The Making of a Warrior (Discipline)
They Called Him Geronimo: What’s in a Name?
GERONIMO WAS BORN in 1823 at the headwaters of the Gila River east of the border of present-day Arizona and New Mexico.* His Bedonkohe (pronounced Bed-on-koh-hey) Apache name was Goyahkla, meaning “One Who Yawns.” But he wasn’t bored or boring. He was defiant, independent, and exceptional. The story of how he got his later name is a good one. In a revenge attack against the Mexicans, the young warrior Goyahkla fought like a fiend, rushing in repeatedly from cover, killing an enemy with every charge, and stealing the dead man’s rifle. Each time he came at them, the Mexicans cried out in terror, “Look out, Geronimo!”—mispronouncing his given name or calling out for the help of Saint Jerome (which translates in Spanish to “Geronimo”). His Apache people took up the battle cry, and “Goyahkla” became “Geronimo.”
During his raids and escapes across the American Southwest, the mention of his name had the power to enrage the highest brass of the U.S. military—including presidents—and to terrify white settlers who bolted their doors and windows and scribbled frantic letters to the White House begging for protection. Over time, Geronimo’s name has come to symbolize courage, daring, wild abandon, and leadership. Revering his courage, World War II paratroopers shouted “GERONIMO!” as they leaped from airplanes into battle. The first time I ever heard the name “Geronimo” was as a small child watching Bugs Bunny. I think it involved Yosemite Sam yelling “GERONIMO!” as he was preparing to pull one of his courageous and daring stunts. The last significant time I heard the name Geronimo was when U.S. Navy SEALs moved in to kill Osama bin Laden. The mission was code-named “Geronimo,” which caused considerable controversy. I can’t think of another historical figure whose name has withstood the test of time and been used in as many contexts as Geronimo’s. His name is consistently associated with courage, ingenuity, and resourcefulness.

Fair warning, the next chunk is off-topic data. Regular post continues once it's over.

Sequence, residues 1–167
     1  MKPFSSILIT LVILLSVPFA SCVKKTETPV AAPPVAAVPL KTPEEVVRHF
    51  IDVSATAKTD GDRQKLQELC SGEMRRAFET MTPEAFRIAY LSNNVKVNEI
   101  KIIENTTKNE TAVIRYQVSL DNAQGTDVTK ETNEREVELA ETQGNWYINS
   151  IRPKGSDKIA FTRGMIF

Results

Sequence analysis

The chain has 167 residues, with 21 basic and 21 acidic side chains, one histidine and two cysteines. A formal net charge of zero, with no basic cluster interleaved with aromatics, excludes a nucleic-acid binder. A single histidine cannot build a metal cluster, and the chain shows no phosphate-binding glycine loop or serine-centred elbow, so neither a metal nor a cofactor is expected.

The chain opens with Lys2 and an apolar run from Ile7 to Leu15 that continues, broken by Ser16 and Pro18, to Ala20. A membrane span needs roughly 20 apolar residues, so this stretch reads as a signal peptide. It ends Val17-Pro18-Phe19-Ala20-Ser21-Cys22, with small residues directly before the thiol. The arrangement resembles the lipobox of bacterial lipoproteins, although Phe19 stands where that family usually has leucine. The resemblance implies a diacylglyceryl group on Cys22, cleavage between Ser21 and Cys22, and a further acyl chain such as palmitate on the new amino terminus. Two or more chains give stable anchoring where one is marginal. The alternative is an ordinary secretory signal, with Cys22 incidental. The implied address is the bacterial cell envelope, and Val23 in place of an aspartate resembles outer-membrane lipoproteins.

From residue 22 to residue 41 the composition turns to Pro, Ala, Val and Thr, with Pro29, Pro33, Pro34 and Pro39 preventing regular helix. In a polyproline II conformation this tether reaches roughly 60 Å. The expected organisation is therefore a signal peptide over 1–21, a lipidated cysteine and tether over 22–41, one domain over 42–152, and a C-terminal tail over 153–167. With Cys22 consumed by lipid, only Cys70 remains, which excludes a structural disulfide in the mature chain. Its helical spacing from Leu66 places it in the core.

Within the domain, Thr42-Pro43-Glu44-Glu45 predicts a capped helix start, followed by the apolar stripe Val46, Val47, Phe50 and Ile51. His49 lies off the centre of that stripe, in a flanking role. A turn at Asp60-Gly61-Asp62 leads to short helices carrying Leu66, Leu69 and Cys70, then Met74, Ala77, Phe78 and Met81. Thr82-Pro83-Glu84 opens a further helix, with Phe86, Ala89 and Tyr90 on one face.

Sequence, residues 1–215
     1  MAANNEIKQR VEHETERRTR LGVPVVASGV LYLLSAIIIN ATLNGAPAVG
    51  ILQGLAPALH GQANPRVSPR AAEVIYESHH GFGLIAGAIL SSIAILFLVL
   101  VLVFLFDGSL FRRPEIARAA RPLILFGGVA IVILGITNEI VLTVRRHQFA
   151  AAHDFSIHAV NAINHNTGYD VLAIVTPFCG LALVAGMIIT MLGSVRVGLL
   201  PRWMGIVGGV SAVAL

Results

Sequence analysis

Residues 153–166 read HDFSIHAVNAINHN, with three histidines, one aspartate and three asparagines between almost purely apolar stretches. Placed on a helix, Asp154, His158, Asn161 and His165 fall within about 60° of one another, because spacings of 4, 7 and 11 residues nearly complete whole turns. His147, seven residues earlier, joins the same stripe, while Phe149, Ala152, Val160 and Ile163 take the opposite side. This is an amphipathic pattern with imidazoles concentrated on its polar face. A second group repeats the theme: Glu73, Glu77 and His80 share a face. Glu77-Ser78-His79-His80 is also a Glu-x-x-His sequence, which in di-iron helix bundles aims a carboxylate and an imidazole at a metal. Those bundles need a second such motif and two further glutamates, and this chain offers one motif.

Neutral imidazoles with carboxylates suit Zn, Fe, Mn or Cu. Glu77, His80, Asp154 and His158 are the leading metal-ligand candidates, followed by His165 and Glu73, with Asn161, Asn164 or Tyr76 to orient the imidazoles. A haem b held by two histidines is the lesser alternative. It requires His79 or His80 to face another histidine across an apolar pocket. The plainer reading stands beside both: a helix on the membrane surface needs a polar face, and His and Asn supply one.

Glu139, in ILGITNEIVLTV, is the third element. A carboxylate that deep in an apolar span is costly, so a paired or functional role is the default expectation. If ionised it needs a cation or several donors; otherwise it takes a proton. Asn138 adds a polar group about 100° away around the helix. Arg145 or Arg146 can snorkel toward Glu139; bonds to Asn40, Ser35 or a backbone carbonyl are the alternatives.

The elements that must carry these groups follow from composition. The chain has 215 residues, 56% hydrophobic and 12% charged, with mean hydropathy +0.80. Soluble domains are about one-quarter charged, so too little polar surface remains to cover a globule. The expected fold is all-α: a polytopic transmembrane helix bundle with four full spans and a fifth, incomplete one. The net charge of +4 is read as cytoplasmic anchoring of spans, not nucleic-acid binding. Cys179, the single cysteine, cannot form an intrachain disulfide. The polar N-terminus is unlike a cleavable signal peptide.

*The exact place of Geronimo’s birth is unknown and contested. See the map at the front of the book. Historians are split—some say Arizona, some say New Mexico. Geronimo himself said Arizona, but back then it was neither Arizona nor Mexico—it was Apache country. See S. M. Barrett, His Own Story, 3–4; Debo, Geronimo, 7–8. His birth date is often cited as 1829, but it was more likely 1823.